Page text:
I hope everyone has enjoyed their holidays. I know I did, although I have gained a few extra pounds to work off in the new year.
Below I will go over the reasons why one should consider refinancing and the underlying options available. Also, I will include some examples as there are many different situations that apply to refinancing. All examples below are assuming a conforming "good credit" borrower, except in the case of debt consolidation.
Lower term/lower payment refinances
The most common type of refinance is to lower the term of the current loan or to lower the current monthly payments. This happens when the interest rate on the new loan is around 1.5% or more lower than the interest rate on the current loan. In some cases, the refinance could be at a rate low enough that it both lowers the term and the monthly payments. The most advantageous way to save money is to lower the term of the loan because it can save thousands over the course of the loan.
Example: John and Kelly refinance their home from a 30 year fixed 7.5% to a 15 year fixed 5.625%. Their current loan balance is 95k and have owned the house 6 years never refinancing. The original loan amount was 110k and the monthly payments are $769. The proposed payments for a 15 year at 101k (which includes closing costs) would be around $831. So they end up paying only $62 per month extra, or 62x12=$744 per year, or 744x15=$11,160 over the life of the loan. However, in 15 years the house will be paid off, but without the refinance they would still have another 9 years of payments at 831x12x9 years=$89,748 savings of interest!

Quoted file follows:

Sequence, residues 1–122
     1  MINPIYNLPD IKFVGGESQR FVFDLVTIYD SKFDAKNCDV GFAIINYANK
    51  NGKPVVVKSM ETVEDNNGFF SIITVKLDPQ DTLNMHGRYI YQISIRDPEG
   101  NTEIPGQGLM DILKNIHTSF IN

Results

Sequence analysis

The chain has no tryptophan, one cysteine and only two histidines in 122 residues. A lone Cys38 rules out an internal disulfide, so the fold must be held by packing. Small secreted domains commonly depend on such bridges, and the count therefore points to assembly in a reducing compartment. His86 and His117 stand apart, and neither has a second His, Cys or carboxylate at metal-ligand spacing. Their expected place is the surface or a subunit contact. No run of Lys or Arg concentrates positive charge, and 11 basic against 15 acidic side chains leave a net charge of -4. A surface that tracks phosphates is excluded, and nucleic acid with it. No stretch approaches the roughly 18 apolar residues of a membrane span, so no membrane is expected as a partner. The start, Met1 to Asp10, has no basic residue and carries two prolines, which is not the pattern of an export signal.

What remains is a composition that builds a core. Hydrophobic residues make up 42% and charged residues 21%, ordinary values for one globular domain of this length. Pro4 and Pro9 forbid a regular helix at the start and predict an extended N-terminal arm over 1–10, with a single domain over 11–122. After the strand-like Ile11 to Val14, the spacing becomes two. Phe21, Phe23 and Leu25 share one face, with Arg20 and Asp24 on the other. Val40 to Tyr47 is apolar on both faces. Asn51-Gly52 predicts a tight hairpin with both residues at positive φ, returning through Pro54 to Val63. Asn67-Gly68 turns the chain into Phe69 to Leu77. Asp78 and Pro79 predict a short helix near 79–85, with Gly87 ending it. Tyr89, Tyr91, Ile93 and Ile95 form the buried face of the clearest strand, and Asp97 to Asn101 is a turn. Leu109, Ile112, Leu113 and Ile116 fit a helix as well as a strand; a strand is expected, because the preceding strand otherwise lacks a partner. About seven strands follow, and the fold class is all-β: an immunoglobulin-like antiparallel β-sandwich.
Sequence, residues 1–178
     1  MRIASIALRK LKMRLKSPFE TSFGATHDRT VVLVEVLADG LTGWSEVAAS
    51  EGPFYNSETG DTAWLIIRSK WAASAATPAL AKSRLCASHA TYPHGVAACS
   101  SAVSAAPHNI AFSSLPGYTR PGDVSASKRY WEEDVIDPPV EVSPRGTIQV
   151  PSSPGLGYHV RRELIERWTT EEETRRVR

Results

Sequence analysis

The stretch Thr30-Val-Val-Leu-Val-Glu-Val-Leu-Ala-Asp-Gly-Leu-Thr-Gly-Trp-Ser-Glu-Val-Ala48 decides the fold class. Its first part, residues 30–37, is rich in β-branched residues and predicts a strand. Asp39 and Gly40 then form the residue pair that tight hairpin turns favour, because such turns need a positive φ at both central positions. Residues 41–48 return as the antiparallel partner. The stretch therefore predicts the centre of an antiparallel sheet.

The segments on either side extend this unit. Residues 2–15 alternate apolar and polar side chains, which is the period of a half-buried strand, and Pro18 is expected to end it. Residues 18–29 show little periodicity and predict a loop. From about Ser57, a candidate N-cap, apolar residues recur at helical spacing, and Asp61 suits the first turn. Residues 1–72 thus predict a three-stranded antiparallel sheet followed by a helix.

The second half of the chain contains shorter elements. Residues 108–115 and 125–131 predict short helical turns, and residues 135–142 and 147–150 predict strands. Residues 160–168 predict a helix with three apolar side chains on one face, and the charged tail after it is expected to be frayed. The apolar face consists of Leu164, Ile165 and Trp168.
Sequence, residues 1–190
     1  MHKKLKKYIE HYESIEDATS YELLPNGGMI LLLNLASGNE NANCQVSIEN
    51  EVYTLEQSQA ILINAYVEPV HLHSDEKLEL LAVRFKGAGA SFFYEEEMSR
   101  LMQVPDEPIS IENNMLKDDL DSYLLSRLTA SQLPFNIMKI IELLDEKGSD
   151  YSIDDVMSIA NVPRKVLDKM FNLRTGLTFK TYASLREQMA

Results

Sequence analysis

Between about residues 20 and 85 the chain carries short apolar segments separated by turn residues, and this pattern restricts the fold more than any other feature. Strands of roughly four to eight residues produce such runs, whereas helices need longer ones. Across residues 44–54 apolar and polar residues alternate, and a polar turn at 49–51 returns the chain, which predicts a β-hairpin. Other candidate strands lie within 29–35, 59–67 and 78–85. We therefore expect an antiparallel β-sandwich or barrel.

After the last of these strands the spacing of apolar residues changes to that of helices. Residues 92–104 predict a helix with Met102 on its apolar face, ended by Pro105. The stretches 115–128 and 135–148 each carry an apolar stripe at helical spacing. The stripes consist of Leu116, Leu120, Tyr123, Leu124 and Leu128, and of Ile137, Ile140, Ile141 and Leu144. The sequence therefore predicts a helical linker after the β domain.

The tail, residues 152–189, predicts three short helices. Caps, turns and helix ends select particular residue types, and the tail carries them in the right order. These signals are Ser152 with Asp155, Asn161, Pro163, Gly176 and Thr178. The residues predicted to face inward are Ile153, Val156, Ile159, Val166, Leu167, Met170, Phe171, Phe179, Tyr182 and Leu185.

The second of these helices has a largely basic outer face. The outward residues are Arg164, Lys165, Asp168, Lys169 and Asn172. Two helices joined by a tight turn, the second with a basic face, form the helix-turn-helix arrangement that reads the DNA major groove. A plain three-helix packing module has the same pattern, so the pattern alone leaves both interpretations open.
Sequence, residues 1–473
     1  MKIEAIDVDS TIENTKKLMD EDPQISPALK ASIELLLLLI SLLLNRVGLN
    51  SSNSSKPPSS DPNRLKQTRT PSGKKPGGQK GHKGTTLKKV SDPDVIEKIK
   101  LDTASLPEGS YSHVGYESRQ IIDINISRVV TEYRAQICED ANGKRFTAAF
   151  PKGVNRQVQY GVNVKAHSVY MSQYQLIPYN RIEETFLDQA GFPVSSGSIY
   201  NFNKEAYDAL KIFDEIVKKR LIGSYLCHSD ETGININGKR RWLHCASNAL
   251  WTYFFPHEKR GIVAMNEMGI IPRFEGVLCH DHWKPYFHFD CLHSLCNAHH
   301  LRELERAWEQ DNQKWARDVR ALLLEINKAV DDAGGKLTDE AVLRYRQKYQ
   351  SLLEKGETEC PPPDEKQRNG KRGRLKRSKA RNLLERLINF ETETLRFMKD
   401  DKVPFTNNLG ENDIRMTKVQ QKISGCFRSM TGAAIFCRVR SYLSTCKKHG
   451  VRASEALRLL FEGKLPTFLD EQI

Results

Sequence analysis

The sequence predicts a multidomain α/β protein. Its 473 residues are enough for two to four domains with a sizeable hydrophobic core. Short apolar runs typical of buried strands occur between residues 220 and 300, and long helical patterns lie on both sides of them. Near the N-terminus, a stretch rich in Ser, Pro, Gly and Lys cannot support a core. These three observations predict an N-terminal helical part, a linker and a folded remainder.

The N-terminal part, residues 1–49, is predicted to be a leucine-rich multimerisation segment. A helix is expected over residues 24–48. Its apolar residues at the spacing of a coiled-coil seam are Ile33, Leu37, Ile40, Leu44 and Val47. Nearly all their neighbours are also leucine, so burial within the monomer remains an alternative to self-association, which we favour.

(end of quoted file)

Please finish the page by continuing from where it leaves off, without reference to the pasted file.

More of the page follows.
Many people are refinancing as a way to cut out those exorbitant credit card payments and even to consolidate car loans. This is a great way to get out of credit card debt and start on a clean slate. Some people that refinance with a debt consolidation do not have the best credit score so they are not able to get the best rate available to good credit holders, however, they are still able to lower their monthly payments because of the higher interest rates associated with credit cards.
Example: Scott and Donna refinance their home from a 30 year fixed 9.5% to a 25 year fixed 9.25%. Their current loan balance is 95k and have owned the house for 5 years never refinancing. Their total credit card debt is 10k with various different card companies which forces them to pay $250 and their original loan amount is 110k with monthly payments of $769. In addition, they have a car loan that they pay $250, with 4 years remaining at a current balance of 10k. They would like to consolidate all their debt including the car loan because of money issues. Even though they could not command an interest rate that much lower than their current, their new payments on a loan of 121k (includes closing costs) would be $1,036. Currently with all debt they pay $769+250+250=1269, so this loan saves them $233 per month, or $2,796 per year.
In my next article I will discuss two other options: Cash-out refinance and construction refinance. Until then, enjoy the new year!